After nearly two decades in prison, Isaac Rivera was ready to remake himself. The 41-year-old from Lancaster served time after a 1997 arrest on assault and rape charges, but he felt that his violent past was behind him – if only he could find a way to jump-start his reinvention.
Next month, The Reentry Project will host “Power-Up Reentry: A Digital Solutions Day.”
People from many backgrounds will come together to look for solutions to a variety of issues impacting reentry. But we need your help to make this event inspiring and effective. Please scroll down through the survey below and submit your ideas.
And remember, no idea is too big or too small!
The Reentry Project working with the Reentry Coalition is hosting Power-Up Reentry: A Digital Solutions Day this fall. We need your invaluable insights to help us shape project ideas and solutions for systemic change. Share your ideas for solutions and/or areas of opportunities.
Today, The Reentry Project is launching Halfway Back, an audio series that gives formerly incarcerated people a chance to tell their own stories. The first episode, hosted by Emily Scott and Julie Christie, introduces listeners to Howard Butler, who struggled to find the adequate housing after release. Listen:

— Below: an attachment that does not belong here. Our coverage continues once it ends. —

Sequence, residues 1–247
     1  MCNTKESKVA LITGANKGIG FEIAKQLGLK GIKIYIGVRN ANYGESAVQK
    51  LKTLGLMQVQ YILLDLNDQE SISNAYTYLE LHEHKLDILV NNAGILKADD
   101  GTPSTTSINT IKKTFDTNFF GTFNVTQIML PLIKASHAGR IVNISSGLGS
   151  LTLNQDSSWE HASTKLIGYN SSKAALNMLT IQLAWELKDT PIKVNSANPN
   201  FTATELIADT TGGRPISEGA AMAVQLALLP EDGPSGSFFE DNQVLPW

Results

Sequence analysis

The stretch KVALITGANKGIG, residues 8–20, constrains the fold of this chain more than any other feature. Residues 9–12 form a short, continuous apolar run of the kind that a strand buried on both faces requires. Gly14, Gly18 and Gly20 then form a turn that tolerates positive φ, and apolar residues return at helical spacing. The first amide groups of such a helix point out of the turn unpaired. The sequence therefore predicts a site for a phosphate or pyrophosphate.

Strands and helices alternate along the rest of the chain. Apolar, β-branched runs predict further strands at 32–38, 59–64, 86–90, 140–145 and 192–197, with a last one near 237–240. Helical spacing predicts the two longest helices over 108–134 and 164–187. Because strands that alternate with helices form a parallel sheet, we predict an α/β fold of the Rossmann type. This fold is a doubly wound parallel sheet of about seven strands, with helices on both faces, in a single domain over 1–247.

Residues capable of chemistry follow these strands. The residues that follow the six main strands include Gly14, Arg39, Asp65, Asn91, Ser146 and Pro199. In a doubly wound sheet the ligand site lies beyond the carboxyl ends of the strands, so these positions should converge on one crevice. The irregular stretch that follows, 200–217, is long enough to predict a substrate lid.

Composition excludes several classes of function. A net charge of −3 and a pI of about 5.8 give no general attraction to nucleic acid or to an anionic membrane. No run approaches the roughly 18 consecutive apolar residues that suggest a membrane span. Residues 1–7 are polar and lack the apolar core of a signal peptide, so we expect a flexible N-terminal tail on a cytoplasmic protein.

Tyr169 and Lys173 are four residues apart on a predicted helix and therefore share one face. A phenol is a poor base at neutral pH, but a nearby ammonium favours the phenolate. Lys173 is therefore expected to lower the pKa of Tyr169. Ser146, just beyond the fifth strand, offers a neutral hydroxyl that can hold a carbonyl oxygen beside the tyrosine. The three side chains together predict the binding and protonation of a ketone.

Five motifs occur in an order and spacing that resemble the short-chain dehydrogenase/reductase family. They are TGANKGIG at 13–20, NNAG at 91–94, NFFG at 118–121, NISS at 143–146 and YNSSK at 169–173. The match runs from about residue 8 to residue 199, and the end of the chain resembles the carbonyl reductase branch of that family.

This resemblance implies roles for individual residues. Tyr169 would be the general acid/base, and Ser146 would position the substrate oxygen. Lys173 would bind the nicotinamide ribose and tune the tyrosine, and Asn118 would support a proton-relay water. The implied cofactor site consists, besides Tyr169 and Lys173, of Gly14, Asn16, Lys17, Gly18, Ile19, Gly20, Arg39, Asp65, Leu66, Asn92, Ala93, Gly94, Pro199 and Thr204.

This occasional series is based on conversations with those who called into our Share your Story line or reached out to us at The Reentry Project directly. If you’d like to talk to us, please text “I have a story” or call us at (215) 821-9790.
You can also contact us on Twitter via: @ReentryUpdates
Democratic candidate for district attorney Larry Krasner has a plan to get rid of cash bail. He’s not the only game in town. Josh Glenn was just 16 when he was arrested for aggravated assault with a deadly weapon, charged as an adult and thrown in a Philadelphia jail cell.
These are the first of 517 juvenile lifers in Pennsylvania, the largest such contingent in the nation, to be resentenced and released on parole following a Supreme Court decision that mandatory life-without-parole sentences for minors are unconstitutional. – Samantha Melamed, Philadelphia Inquirer and Daily News